nep-cbe New Economics Papers
on Cognitive and Behavioural Economics
Issue of 2009‒03‒28
eleven papers chosen by
Marco Novarese
University Amedeo Avogadro

  1. Social Preferences under Risk - An Experimental Analysis By Christiane Bradler
  2. A new cosmology of risks and crises time for a radical shift in paradigm and practice By Patrick Lagadec
  3. A cognitive psychological approach of analyzing preference uncertainty in contingent valuation By Akter, Sonia; Bennett, Jeff
  4. Portfolio diversification: an experimental study By Zulia Gubaydullina; Markus Spiwoks
  5. Shedding Light into Preference Heterogeneity: Why Players of Traveller’s Dilemma Depart from Individual Rationality? By Leonardo Becchetti; Giacomo Degli Antoni; Marco Faillo
  6. Individual Heterogeneity, Group Interaction, and Co-operative Behaviour: Evidence from a Common-Pool Resource Experiment in South Africa and Namibia By Bernd Hayo; Björn Vollan
  7. Can intentions spoil the kindness of a gift? - An experimental study By Strassmair, Christina
  8. Measuring Trust : Experiments and Surveys in Contrast and Combination By Michael Naef; Jürgen Schupp
  9. Generosity, Greed and Gambling: What difference does asymmetric information in bargaining make? By Charlotte Klempt; Kerstin Pull
  10. The Role of Psychological Traits for the Gender Gap in Full-time Employment and Wages : Evidence from Germany By Nils Braakmann
  11. The mobile decision maker By Heijden, van der, Hans; Sangstad Sørensen, Lotte

  1. By: Christiane Bradler (Friedrich-Schiller-University Jena)
    Abstract: The literature on social preferences provides overwhelming evidence of departures from pure self-interest of individuals. Experiments show that people care about others' well-being and their relative standing. This paper investigates whether this type of behavior persists when risk comes into play. I devise an experiment which sheds light on the interrelation of risk and social preferences by measuring (1) individual risk preferences, (2) interpersonal risk preferences, and (3) social preferences under certainty. The results reveal that a large share of subjects choose to accept more risk or less potential gain than individually preferred in order to increase another subject’s payoff. Further, the willingness to do so appears to be influenced by the "need" of the other person and her potential relative standing. Surprisingly, the results do not suggest that a subject’s social behavior under risk is related to his exhibited social concerns exhibited under certainty.
    Keywords: social preferences, risk, other-regarding behavior, inequality aversion
    JEL: D81 D63 C91
    Date: 2009–03–23
  2. By: Patrick Lagadec (Department of Economics, Ecole Polytechnique - CNRS : UMR7176 - Polytechnique - X)
    Abstract: Crisis management theory and practice was in the main elaborated in the late 70s and 80s and developed and implemented in the 90s. We now have a rich knowledge of crisis intelligence and best practices. But, even if we can be proud of that advance, a further challenge remains: crises in the 21st century differ?structurally? from those we had to deal with in the last century. By way of example, the disparity between now and then is equivalent to that which existed between the end of the Second World War and the beginning of the First. Thus, if we stick to former paradigms ?we are bound to be defeated in every battle?. Even if it is extremely difficult to forge new routes into Terrae Incognitae, it is vital to do so ? or at least to try.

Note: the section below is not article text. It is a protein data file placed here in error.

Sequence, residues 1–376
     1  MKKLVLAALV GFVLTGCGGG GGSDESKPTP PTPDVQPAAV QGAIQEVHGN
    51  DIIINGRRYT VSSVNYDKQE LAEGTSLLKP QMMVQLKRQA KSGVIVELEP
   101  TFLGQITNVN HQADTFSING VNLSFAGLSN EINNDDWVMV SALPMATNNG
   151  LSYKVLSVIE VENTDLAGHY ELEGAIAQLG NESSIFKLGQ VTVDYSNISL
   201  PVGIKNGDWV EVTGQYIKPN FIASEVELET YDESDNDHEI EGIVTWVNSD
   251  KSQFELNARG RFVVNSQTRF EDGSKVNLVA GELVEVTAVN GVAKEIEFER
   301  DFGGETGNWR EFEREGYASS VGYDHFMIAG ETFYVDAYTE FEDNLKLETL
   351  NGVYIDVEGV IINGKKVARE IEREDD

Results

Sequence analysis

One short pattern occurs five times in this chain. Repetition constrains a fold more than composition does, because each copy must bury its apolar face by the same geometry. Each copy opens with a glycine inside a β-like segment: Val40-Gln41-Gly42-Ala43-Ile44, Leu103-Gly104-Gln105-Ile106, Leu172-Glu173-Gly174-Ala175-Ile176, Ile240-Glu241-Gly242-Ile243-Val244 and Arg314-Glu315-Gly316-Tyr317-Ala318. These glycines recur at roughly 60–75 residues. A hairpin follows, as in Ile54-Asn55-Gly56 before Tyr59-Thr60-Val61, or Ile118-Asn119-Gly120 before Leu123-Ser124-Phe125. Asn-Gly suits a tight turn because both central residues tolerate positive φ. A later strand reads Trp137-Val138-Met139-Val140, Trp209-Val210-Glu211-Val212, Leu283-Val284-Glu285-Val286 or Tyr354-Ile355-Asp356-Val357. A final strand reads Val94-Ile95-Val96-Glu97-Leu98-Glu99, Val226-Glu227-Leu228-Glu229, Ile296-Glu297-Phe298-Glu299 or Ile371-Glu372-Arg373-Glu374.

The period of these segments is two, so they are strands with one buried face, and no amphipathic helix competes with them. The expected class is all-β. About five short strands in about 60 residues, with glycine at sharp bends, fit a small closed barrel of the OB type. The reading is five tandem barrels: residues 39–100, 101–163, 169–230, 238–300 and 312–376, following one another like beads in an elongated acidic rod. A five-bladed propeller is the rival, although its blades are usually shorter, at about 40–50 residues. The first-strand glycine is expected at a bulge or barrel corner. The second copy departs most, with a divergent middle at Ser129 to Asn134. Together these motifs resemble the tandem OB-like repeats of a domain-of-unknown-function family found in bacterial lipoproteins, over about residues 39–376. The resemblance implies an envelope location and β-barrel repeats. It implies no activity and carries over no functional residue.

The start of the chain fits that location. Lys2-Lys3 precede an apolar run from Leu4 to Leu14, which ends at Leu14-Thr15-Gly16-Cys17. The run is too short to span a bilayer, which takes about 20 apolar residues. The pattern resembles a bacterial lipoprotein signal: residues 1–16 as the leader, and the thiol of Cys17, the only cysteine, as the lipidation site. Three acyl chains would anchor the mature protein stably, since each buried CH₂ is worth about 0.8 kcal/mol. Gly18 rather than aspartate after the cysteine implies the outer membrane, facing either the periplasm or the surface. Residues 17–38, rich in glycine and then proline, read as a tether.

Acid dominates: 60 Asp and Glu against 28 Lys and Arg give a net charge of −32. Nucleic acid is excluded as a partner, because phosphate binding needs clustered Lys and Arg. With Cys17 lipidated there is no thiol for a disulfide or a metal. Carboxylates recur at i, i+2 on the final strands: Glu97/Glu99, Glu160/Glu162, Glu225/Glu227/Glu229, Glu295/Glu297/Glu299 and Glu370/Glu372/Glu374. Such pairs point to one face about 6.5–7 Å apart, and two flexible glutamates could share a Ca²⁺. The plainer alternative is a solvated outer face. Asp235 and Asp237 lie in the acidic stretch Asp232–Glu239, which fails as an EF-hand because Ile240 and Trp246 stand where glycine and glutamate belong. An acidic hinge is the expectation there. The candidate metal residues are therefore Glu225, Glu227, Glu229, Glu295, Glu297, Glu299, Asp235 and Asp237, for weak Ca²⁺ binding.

Keywords: Crises, emerging crises, discontinuity, decision-making
    Date: 2008–08
  3. By: Akter, Sonia; Bennett, Jeff
    Abstract: The sources of preference uncertainty in contingent valuation (CV) studies have rarely been investigated from a theoretical standpoint. This paper proposes a holistic theoretical framework of preference uncertainty that combines microeconomic theory with the theories of cognitive psychology. Empirical testing of the proposed theoretical model was carried out in Australia in the context of a national ‘Carbon Pollution Reduction Scheme (CPRS)’ to be introduced in 2010. Two separate ordered probit models for a certainty score associated with CV ‘Yes’ and ‘No’ responses were estimated. The results of the estimated regression models provide evidence supporting the hypotheses drawn from the theoretical model.
    Keywords: Contingent valuation, preference uncertainty, cognitive uncertainty, climate change, Australia,
    Date: 2009
  4. By: Zulia Gubaydullina (University of Göttingen); Markus Spiwoks (Wolfsburg University of Applied Sciences)
    Abstract: The paper analyses on an experimental basis the phenomenon of non-optimal under-diversification in portfolio choice decisions and investigates the reasons behind it. The most important obstacles for optimal diversification are studied – the correlation neglect hypothesis and the overconfidence which both lead to suboptimal diversification decisions. The investment alternatives are constructed in a way that the Markowitz’ efficiency frontier is reduced to a single point in the return-risk diagram so that unambiguous interpretation of the results is possible: the subjects neglect the correlation between the assets, use naïve diversification strategies and take irrelevant information as a foundation for their investment decisions, the first effect being stronger than the second.
    Keywords: experimental economics; portfolio choice; investment decisions; correlation neglect; overconfidence
    JEL: C91 D81 G11
    Date: 2009–03–20
  5. By: Leonardo Becchetti (University of Rome Tor Vergata); Giacomo Degli Antoni (EconomEtica); Marco Faillo (University of Trento - Faculty of Economics)
    Abstract: We analyse the experimental outcome of the Traveller's Dilemma under three different treatments - baseline (BT), compulsory ex post players' meeting (CET) and voluntary ex post players' meeting (VET) - to evaluate the effects of removal of anonymity (without preplay communication) in a typical one shot game in which there is a dilemma between individual rationality and aggregate outcome. We show that deviations from the Nash equilibrium outcome are compatible with the joint presence in the sample of individually rational, team-rational, (gift giving), "irrational" and (opportunistic) "one-shot-cooperator" types. The two main factors affecting deviations from the standard individually rational behaviour are male gender and the interaction of generalised trust with the decision of meeting the counterpart in the VET design.